He who eats My flesh and drinks My blood has eternal life, and I will raise him up on the last day. For My flesh is true food, and My blood is true drink. He who eats My flesh and drinks My blood abides in Me, and I in him. As the living Father sent Me, and I live because of the Father, so he who eats Me, he also will live because of Me. This is the bread which came down out of heaven; not as the fathers ate and died; he who eats this bread will live forever.”

And that disproves the Catholic argument!” Protestants sometimes argue. If John 6 is to be understood literally, then what Jesus is saying it that Catholics, who believe that they receive His very Body and Blood in Holy Communion, have eternal life, and Jesus will raise them up on the last day. Protestants do not receive the actual Body and Blood in Holy Communion and therefore, according to this argument, have no life in them, ergo, Protestants cannot be saved! Yet, performing a quick reality check, we spy clueless, lethargic, Communion-receiving Catholics and fervent, God-fearing, Bible-reading Protestants. Therefore, what Pope Pius XII called “those many heavenly gifts and helps which can only be enjoyed in the Catholic Church” really don’t amount to anything at all. The Catholic argument is self-refuting, or so goes the Protestant counter-argument.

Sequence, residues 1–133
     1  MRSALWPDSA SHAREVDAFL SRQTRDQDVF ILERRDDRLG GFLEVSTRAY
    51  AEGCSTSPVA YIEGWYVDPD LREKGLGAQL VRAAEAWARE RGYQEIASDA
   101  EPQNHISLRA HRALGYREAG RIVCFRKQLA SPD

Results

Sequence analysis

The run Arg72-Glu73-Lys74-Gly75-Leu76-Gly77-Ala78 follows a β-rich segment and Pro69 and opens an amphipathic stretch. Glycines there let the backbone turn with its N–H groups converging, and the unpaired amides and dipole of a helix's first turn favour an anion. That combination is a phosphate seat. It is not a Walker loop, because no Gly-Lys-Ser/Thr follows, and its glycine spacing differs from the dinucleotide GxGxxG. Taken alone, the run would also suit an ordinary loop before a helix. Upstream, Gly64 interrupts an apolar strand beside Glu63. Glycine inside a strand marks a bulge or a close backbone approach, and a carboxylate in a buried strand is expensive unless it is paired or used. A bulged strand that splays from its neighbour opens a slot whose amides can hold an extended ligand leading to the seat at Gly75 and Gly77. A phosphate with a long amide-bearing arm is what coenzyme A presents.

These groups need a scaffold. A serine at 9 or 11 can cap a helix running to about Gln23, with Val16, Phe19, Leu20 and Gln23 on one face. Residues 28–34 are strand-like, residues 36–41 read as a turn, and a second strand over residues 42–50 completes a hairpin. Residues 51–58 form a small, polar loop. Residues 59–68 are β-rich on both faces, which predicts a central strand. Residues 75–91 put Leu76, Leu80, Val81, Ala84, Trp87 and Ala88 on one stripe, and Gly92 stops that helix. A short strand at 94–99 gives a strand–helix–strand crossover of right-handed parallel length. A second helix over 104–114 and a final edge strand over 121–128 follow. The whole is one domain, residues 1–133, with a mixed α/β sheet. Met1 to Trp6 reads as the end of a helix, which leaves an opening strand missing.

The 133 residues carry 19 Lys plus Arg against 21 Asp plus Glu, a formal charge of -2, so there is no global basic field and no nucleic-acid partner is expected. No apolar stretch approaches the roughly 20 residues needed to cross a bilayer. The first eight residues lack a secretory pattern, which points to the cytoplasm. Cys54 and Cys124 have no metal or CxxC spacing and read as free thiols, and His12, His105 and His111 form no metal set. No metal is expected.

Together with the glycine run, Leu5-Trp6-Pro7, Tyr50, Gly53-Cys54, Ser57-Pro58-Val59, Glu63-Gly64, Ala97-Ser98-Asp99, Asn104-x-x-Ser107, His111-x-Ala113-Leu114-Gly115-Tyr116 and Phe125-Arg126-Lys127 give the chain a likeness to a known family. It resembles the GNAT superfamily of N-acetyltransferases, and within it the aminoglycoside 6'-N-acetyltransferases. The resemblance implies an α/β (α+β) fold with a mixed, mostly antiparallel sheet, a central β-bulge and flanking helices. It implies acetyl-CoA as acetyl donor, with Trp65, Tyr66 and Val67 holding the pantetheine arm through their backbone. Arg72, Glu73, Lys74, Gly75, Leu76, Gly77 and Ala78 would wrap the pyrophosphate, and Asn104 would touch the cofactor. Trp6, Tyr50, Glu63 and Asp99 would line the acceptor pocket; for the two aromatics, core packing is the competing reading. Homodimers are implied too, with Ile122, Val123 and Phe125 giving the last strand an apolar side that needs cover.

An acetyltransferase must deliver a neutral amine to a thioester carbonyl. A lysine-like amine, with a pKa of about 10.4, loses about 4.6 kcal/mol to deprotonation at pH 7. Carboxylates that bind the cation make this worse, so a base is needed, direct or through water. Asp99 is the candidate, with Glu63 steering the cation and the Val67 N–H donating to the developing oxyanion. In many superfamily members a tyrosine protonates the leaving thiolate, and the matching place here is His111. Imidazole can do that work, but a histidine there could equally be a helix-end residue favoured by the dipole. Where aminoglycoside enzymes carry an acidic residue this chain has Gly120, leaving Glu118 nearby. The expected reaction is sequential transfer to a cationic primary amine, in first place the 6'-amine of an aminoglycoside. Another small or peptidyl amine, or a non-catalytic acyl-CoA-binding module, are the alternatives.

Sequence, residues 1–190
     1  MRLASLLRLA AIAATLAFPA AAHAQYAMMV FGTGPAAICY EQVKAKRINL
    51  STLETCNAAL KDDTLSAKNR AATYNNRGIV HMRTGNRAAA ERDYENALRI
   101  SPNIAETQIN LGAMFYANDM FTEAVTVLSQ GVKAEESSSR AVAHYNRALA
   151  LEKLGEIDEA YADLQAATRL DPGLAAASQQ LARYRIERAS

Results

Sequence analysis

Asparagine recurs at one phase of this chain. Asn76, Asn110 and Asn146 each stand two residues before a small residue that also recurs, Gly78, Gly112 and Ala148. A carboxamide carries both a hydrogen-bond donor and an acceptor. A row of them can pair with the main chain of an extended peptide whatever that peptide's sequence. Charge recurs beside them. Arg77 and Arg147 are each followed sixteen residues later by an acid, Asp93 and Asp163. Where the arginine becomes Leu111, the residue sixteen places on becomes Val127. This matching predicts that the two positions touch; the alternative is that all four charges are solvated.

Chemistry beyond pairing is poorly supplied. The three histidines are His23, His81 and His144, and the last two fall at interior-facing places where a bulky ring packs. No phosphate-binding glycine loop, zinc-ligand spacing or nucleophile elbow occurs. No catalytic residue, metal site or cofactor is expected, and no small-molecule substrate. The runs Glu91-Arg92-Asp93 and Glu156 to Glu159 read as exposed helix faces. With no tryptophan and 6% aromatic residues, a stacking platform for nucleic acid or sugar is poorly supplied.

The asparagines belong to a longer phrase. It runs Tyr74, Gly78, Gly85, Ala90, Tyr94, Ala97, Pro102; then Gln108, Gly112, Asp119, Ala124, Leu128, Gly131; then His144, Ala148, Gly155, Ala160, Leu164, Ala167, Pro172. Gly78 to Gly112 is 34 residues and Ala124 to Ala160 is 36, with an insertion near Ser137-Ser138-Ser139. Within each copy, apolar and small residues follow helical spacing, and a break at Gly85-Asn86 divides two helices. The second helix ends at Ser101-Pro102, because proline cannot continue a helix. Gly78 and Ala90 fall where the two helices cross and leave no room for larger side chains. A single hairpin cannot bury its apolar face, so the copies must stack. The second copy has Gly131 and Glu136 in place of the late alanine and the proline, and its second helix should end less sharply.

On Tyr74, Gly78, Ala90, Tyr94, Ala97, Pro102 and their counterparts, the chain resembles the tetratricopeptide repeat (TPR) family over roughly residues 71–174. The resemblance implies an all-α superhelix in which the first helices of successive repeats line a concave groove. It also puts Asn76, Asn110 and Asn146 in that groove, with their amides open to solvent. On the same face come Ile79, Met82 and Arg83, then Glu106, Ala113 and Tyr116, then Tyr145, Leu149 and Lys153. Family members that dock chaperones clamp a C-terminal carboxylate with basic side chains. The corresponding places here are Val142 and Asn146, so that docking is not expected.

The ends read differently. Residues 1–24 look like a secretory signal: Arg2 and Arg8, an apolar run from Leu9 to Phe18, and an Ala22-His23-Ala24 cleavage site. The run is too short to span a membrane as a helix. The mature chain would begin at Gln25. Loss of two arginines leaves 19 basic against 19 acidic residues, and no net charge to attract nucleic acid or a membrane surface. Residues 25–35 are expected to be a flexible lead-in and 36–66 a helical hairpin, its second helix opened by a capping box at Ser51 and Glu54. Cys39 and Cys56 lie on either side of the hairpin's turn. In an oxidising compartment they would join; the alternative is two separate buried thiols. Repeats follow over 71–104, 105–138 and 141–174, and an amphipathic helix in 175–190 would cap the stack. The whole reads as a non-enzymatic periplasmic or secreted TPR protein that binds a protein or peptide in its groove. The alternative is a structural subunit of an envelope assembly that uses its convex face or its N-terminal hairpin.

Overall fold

Not so fast….

The answer is found in the Gospel according to John, for not only did Jesus say:

“…unless you eat the flesh of the Son of Man and drink His blood, you have no life in yourselves.” Jn 6:53

He also said:

“…unless you are born again, you cannot see the Kingdom of God.” Jn 3:3

Remember what we said about baptism – anyone who is baptized into Christ is thus a member of the body of Christ. Does that person have new life? You better believe it! But have you ever heard of peripheral vascular disease? Imagine a part of your body suddenly losing full access to your circulatory system. Do you feel that that wouldn’t be a problem?